The inquiry into the crash-landing of the ExoMars Schiaparelli module has concluded that conflicting information in the onboard computer caused the descent sequence to end prematurely.
The Schiaparelli entry, descent and landing demonstrator module separated from its mothership, the Trace Gas Orbiter, as planned on 16 October last year, and coasted towards Mars for three days.
Much of the six-minute descent on 19 October went as expected: the module entered the atmosphere correctly, with the heatshield protecting it at supersonic speeds. Sensors on the front and back shields collected useful scientific and engineering data on the atmosphere and heatshield.
Telemetry from Schiaparelli was relayed to the main craft, which was entering orbit around the Red Planet at the same time – the first time this had been achieved in Mars exploration. This realtime transmission proved invaluable in reconstructing the unfolding chain of events.
At the same time as the orbiter recorded Schiaparelli’s transmissions, ESA’s Mars Express orbiter also monitored the lander’s carrier signal, as did the Giant Metrewave Radio Telescope in India.
In the days and weeks afterwards, NASA’s Mars Reconnaissance Orbiter took a number of images identifying the module, the front shield, and the parachute still connected with the backshield, on Mars, very close to the targeted landing site.
The images suggested that these pieces of hardware had separated from the module as expected, although the arrival of Schiaparelli had clearly been at a high speed, with debris strewn around the impact site.
The independent external inquiry, chaired by ESA’s Inspector General, has now been completed.
It identifies the circumstances and the root causes, and makes general recommendations to avoid such defects and weaknesses in the future.
Around three minutes after atmospheric entry the parachute deployed, but the module experienced unexpected high rotation rates. This resulted in a brief ‘saturation’ – where the expected measurement range is exceeded – of the Inertial Measurement Unit, which measures the lander’s rotation rate.
The saturation resulted in a large attitude estimation error by the guidance, navigation and control system software. The incorrect attitude estimate, when combined with the later radar measurements, resulted in the computer calculating that it was below ground level.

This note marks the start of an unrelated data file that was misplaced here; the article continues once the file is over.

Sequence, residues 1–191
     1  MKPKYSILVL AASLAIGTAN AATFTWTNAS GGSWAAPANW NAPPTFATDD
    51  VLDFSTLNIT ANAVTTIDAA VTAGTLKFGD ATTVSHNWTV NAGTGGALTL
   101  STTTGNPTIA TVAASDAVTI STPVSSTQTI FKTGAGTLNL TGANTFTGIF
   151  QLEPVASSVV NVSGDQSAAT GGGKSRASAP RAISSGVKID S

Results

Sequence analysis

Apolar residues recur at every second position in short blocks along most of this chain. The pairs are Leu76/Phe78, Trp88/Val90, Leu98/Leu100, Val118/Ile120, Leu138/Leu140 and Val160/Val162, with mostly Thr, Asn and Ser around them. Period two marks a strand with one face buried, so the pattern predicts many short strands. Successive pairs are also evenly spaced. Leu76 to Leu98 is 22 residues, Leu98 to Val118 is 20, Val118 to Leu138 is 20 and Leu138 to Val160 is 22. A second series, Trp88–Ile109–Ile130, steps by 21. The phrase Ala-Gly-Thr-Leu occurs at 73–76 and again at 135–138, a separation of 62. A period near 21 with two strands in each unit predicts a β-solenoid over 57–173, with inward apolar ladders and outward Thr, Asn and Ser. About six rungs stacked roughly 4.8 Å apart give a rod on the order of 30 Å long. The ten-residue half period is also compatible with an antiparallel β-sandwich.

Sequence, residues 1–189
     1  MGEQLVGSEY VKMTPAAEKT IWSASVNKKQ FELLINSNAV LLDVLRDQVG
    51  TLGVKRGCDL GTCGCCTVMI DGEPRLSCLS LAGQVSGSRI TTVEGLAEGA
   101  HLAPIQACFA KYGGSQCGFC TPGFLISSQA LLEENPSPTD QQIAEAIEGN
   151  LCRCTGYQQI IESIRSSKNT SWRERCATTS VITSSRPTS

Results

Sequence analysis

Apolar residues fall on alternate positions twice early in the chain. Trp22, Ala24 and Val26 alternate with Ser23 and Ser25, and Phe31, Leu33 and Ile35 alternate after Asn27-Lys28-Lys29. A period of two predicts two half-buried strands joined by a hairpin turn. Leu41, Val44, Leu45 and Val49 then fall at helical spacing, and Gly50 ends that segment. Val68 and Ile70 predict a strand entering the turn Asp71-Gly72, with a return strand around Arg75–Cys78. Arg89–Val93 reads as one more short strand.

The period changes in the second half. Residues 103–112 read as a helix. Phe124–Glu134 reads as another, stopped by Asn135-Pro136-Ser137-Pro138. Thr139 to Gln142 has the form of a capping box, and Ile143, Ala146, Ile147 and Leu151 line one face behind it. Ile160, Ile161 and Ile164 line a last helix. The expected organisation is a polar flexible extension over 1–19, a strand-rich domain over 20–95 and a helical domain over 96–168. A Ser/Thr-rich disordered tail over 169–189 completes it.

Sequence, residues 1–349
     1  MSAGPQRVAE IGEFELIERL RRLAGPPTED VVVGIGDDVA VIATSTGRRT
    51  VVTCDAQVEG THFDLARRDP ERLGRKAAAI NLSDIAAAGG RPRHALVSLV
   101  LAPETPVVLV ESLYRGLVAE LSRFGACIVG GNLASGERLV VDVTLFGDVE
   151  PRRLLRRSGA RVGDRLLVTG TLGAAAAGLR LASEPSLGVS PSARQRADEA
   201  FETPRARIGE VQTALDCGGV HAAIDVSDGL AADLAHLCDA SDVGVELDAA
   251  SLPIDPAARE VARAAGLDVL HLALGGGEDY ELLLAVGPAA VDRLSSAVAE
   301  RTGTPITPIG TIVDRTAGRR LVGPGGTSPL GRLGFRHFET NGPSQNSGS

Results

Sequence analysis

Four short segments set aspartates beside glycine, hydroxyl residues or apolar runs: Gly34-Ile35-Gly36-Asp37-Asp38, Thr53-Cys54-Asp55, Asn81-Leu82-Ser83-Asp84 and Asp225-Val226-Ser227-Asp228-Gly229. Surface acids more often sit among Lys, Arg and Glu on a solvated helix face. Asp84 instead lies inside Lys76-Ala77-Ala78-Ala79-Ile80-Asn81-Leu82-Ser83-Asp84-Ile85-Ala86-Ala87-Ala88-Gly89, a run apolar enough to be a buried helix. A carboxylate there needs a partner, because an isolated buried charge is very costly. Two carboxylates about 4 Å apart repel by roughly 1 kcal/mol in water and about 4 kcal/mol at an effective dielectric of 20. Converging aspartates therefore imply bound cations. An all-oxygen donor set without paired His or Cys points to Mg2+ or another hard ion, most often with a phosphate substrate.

This resulted in the early release of the parachute and back-shell, a brief firing of the thrusters for only 3 sec instead of 30 sec, and the activation of the on-ground system as if Schiaparelli had landed. The surface science package returned one housekeeping data packet before the signal was lost.
In reality, the module was in free-fall from an altitude of about 3.7 km, resulting in an estimated impact speed of 540 km/h.
The Schiaparelli Inquiry Board report noted that the module was very close to landing successfully at the planned location and that a very important part of the demonstration objectives were achieved. The flight results revealed required software upgrades, and will help improve computer models of parachute behaviour.
“The realtime relay of data during the descent was crucial to provide this in-depth analysis of Schiaparelli’s fate,” says David Parker, ESA’s Director of Human Spaceflight and Robotic Exploration.
“We are extremely grateful to the teams of hard-working scientists and engineers who provided the scientific instruments and prepared the investigations on Schiaparelli, and deeply regret that the results were curtailed by the untimely end of the mission.
“There were clearly a number of areas that should have been given more attention in the preparation, validation and verification of the entry, descent and landing system.
“We will take the lessons learned with us as we continue to prepare for the ExoMars 2020 rover and surface platform mission. Landing on Mars is an unforgiving challenge but one that we must meet to achieve our ultimate goals.”
“Interestingly, had the saturation not occurred and the final stages of landing had been successful, we probably would not have identified the other weak spots that contributed to the mishap,” notes Jan Woerner, ESA’s Director General. “As a direct result of this inquiry we have discovered the areas that require particular attention that will benefit the 2020 mission.”
ExoMars 2020 has since passed an important review confirming it is on track to meet the launch window. Having been fully briefed on the status of the project, ESA Member States at the Human Spaceflight, Microgravity and Exploration Programme Board reconfirmed their commitment to the mission, which includes the first Mars rover dedicated to drilling below the surface to search for evidence of life on the Red Planet.
Meanwhile the Trace Gas Orbiter has begun its year-long aerobraking in the fringes of the atmosphere that will deliver it to its science orbit in early 2018. The spacecraft has already shown its scientific instruments are ready for work in two observing opportunities in November and March.
In addition to its main goal of analysing the atmosphere for gases that may be related to biological or geological activity, the orbiter will also act as a relay for the 2020 rover and surface platform.
The ExoMars programme is a joint endeavour between ESA and Roscosmos.